The Beaumont restaurant serves Central Texas–style barbecue, including impressive brisket and painstakingly developed sausage.
The city’s flourishing art scene doesn’t get enough credit. One pandemic-safe way to appreciate it: a walking tour of more than a dozen outdoor murals.
Plus: Texas A&M scientists used eye-tracking tech to help 1775 BBQ in College Station design a new menu.
Beaumont is home to one of just a handful of stores in a chain once beloved by movie nerds.
The barbecue history of Southeast Texas has been entwined with links for as long as it’s had a dining culture. Legendary joints like Patillo’s Bar-B-Q have been making all-beef sausages stuffed in beef casings for over a century, and a dozen or so link shops carry on
The Best Thing in Texas: This Beaumont Principal’s “Tucked In Tuesdays” Bedtime Reading Warms Our Hearts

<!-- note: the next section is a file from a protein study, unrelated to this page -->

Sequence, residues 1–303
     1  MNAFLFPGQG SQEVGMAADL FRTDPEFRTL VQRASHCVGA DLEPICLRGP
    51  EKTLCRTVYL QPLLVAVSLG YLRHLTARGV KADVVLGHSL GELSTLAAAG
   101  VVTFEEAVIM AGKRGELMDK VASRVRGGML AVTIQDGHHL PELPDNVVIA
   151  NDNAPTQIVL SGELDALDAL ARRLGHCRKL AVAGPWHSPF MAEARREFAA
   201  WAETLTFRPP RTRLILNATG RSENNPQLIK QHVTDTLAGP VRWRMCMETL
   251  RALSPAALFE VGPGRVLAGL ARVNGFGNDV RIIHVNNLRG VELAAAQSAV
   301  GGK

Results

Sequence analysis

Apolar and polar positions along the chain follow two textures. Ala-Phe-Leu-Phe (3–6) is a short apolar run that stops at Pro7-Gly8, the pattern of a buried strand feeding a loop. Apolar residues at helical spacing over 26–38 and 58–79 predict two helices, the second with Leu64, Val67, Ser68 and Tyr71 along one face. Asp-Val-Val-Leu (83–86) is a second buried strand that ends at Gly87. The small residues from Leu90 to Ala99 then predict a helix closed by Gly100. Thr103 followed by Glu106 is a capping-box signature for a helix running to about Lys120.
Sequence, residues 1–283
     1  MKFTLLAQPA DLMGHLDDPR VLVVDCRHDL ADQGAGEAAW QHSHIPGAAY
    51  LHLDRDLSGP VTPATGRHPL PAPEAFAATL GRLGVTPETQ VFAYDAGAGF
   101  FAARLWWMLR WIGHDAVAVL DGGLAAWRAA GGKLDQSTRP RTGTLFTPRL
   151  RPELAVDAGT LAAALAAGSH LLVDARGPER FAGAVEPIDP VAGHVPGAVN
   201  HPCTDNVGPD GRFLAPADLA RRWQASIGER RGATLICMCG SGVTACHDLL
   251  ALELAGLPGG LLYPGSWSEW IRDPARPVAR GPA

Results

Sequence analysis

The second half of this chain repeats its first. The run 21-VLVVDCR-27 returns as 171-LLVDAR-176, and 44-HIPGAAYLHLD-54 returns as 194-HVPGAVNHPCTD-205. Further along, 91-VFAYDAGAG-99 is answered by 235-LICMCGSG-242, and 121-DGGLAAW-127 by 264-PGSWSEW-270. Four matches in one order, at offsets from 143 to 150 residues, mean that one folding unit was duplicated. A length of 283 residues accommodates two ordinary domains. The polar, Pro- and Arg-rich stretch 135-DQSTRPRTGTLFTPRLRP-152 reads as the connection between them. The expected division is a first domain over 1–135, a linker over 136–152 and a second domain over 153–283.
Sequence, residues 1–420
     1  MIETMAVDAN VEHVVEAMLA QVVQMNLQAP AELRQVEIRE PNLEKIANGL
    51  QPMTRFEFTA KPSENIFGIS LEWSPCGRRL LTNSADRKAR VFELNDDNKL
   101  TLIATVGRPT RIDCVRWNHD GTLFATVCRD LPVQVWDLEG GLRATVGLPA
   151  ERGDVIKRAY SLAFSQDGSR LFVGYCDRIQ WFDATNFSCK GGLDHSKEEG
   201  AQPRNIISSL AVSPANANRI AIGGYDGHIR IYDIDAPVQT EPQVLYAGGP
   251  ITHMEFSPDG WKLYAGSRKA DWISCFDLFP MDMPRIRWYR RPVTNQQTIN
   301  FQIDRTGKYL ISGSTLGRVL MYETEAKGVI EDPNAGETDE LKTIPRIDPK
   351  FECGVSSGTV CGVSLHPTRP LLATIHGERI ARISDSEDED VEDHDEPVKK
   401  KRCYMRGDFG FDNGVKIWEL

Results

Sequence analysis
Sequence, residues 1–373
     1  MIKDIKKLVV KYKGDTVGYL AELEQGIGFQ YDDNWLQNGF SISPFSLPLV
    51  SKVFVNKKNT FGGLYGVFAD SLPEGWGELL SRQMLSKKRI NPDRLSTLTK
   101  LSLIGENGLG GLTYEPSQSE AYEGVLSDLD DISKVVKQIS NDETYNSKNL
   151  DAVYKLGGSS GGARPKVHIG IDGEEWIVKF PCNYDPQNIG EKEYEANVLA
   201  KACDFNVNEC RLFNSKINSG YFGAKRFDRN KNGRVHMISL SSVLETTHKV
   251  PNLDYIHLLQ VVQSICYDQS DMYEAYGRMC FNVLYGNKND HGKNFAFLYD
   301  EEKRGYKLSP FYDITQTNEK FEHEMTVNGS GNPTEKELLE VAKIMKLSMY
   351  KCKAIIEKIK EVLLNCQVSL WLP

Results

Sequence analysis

Belinda George makes sure that every student at her elementary school gets read to at night.
Hal Guillory serves Southeast Texas specialties at this Beaumont institution.
A New York man wants to know everything there is to know about Texas toast.
“WE CATER TO REAL COFFEE drinkers,” says seventy-year old Joseph Fertitta, the president of Beaumont’s Texas Coffee Company and son of the founder. Texas’ only family-owned Coffee-manufacturing company has been perking along with its Seaport brand since 1921, competing in the national market by virtue of its product’s prodigious strength.
Starting in 1923, Beaumont businessman John Gavrelos carved out a realm of his own at his J&J Steak House on the Eastex Freeway. Gavrelos died in 1979, but his Eye of the World, a tiny museum appended to the side of the restaurant, still lures visitors with its enigmatic jumble